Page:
Note: It is not critical to understand the equations derived in Notebook 1 and Notebook 2 to do the polar alignment of your PANOPTES unit. You only need to follow Notebook 3 to polar align your PANOPTES unit.

Example: Polar alignment of PAN022

Step 1: Python notebook 3

(Refer to the Python notebook for the complete code: PANOPTES - 03 Drift Observation Polar Alignment.ipynb)

  • Part I: Download drift rates from Google cloud for PAN022 observations

    • The metadata includes the drift rates (arcsecond per second) computed from the observations, which will be used to compute how much the mount is misaligned in altitude and azimuth.
    • The code downloads a file PAN022_sampledata.csv with all the metadata. The file in included in this link as sample data to practice the Python notebook with.
  • Part II: Import drift rates from the downloaded .csv file

The hour angle of a celestial object on the celestial sphere is measured similar to the right ascension, i.e. along the celestial equator from the observer’s local meridian, but, in the westward direction. While the right ascension is fixed for every celestial object, the hour angle continually as the celestial object rises and sets in the observer’s sky.
-90° ⇒ star is on the horizon, rising in East
0° ⇒ star is on the meridian, about to cross from eastern side to western side
+90° ⇒ star is on the horizon, setting in West

  • Part III: Create drift rate models and compute alignment errors
    • We create drift rate models for all the stars in PAN022_sampledata.csv
    • The model will help us predict how the observed stars(HA,dec) will drift for a range of alignment errors in the PANOPTES mount.
    • We will compare the model drift rates to observed drift rates to determine the error in mount alignment.
    • The errors computed will be used to polar align your PANOPTES unit.
    • The plot above shows the model drift rates (black line) that best fit our observed drift rates (colored points) for PAN022.
    • We find that PAN022 was misaligned in altitude by -1.05 deg and in azimuth by +0.75 deg. The +/- sign indicates the direction in which the mount is misaligned while the number indicate the magnitude of misalignment.
    • The plot above shows the position of North celestial pole on the sky for PAN022 site (blue circle) superimposed with the position where the mount’s axis is pointing (red open cross circle) to show the extent of misalignment.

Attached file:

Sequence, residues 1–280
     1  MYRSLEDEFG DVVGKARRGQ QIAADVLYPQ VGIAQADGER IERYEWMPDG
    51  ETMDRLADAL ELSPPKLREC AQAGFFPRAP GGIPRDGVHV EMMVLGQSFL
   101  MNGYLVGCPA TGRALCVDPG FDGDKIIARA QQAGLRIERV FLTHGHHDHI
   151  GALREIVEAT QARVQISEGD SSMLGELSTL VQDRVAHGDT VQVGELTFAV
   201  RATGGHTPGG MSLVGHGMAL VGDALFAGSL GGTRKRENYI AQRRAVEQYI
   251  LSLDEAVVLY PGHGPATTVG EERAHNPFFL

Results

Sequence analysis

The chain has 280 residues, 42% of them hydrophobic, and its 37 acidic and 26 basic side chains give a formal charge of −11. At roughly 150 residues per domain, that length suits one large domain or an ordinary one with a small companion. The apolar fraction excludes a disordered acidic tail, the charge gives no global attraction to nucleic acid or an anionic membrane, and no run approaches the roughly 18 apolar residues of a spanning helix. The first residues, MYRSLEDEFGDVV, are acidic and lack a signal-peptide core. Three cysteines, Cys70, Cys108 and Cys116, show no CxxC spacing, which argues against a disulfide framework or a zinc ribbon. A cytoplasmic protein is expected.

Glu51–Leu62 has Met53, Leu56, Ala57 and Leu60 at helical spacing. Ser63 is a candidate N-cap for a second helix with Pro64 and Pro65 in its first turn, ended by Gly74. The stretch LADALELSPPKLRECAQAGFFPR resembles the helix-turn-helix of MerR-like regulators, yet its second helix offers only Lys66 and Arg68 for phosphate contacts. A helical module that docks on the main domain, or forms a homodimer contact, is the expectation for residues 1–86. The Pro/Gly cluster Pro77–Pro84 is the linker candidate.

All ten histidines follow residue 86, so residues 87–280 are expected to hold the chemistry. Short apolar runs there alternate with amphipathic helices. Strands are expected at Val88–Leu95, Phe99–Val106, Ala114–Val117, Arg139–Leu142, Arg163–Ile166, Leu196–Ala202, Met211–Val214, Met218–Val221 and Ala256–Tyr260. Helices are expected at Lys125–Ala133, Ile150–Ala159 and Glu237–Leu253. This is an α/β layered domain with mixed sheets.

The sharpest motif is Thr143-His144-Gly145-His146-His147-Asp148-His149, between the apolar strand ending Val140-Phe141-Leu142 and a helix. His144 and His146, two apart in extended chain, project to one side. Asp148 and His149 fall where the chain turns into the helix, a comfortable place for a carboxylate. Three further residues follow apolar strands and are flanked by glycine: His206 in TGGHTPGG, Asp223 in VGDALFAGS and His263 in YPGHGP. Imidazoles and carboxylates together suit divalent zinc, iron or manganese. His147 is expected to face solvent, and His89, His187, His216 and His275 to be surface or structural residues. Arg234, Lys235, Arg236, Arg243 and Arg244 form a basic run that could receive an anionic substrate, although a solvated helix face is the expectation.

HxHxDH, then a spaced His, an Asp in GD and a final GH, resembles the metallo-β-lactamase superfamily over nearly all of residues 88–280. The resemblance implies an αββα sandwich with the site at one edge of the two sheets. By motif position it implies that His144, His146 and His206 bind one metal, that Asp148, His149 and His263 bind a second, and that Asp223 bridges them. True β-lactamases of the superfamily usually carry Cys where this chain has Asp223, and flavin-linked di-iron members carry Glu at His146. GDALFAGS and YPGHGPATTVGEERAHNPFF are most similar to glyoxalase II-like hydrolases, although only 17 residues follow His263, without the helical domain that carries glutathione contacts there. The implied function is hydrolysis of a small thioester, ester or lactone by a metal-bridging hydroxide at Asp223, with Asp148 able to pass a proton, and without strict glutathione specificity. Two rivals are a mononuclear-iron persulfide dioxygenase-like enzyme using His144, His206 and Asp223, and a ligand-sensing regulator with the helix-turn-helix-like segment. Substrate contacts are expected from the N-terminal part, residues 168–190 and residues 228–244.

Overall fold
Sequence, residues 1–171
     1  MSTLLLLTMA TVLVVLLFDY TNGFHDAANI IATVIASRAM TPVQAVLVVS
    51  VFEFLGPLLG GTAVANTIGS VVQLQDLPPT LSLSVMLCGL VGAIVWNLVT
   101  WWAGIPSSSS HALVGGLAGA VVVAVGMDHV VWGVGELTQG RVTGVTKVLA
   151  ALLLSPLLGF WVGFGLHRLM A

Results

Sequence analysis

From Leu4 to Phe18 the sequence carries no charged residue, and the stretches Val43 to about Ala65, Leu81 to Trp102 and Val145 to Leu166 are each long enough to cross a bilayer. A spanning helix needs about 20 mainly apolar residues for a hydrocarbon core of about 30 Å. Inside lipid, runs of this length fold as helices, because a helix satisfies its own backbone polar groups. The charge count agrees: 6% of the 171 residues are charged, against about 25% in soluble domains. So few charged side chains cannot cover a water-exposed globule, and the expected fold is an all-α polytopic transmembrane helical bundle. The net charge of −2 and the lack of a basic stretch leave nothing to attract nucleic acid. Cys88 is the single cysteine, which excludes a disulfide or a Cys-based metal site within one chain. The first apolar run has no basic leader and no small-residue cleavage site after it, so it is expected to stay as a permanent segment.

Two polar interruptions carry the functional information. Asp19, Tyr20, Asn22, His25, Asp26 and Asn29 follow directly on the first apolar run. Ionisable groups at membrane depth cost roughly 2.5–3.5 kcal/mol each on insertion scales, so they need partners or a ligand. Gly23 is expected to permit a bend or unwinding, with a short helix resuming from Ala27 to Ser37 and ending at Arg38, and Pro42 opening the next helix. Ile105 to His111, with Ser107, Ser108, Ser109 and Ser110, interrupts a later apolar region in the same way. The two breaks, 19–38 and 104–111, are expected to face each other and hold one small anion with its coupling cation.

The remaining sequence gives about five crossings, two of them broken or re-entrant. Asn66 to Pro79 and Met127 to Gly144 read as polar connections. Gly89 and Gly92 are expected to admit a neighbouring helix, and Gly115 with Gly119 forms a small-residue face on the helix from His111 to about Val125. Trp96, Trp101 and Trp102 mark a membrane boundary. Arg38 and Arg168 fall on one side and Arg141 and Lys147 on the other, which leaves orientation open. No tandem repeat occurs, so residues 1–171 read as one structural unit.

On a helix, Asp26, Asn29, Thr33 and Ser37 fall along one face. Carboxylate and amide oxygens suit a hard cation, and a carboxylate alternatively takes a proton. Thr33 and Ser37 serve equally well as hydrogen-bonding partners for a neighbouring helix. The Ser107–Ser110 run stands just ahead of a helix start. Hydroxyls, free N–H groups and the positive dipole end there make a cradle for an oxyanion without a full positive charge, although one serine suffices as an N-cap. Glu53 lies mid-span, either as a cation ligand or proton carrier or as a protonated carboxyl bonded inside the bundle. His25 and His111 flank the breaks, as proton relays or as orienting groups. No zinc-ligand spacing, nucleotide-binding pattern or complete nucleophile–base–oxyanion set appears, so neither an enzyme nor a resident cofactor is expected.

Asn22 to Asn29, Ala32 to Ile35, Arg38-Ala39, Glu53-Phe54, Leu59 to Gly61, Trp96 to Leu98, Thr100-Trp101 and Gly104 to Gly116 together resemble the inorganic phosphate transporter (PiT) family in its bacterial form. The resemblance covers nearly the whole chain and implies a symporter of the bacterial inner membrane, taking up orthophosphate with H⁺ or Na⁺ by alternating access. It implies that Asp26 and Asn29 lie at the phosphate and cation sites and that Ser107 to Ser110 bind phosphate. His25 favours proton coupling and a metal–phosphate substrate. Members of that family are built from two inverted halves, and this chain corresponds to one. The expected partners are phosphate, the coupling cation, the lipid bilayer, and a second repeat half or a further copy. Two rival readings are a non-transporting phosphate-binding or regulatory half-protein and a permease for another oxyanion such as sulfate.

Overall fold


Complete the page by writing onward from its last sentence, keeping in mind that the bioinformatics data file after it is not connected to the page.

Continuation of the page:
• The mount needs to be moved such that the red circle overlaps with the blue dot, this is the process of polar aligning the mount.

When misaligned in altitude, the mount is either pointing above or below the celestial pole.
When misaligned in azimuth, the mount is either pointing to the right (towards East) or to the left (towards West) of the celestial pole.

Step 2: Polar aligning PAN022

  • Now that we know the direction and magnitude to which PAN022 mount is misaligned, we polar aligned PAN022 in the daytime as shown in this video:

Step 3: Repeat Step 1 & Step 2!

  • Once polar aligned, we ran the unit again for a few more nights and took more observations.
  • We again downloaded the drift rates metadata for the new observations and determined the errors in mount alignment.
  • We polar aligned the unit again.
  • We repeated these steps 3 times in total for PAN022 until we minimised the observed drift rates.
  • The plot above shows the observed drift rates for PAN022 after it was polar aligned.
  • The minor drift rates observed do not fit the drift rate models and is dominated by mechanical flexures rather than by poor polar alignment.

Depending on how well you polar align the unit in each try, you might have to repeat the alignment process 2-3 times until the errors are minimised.

PAN022: Before & After

The videos below show the frames from a single observation obtained by PAN022, before and after the unit was polar aligned. The drifting of stars within a single observation is evident before polar alignment.

Before polar alignment:

After polar alignment:

Link to more information on polar alignment in the PANOPTES user guide:

Follow the instructions in the guide to polar align your unit.

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Nice analysis ! Thanks for sharing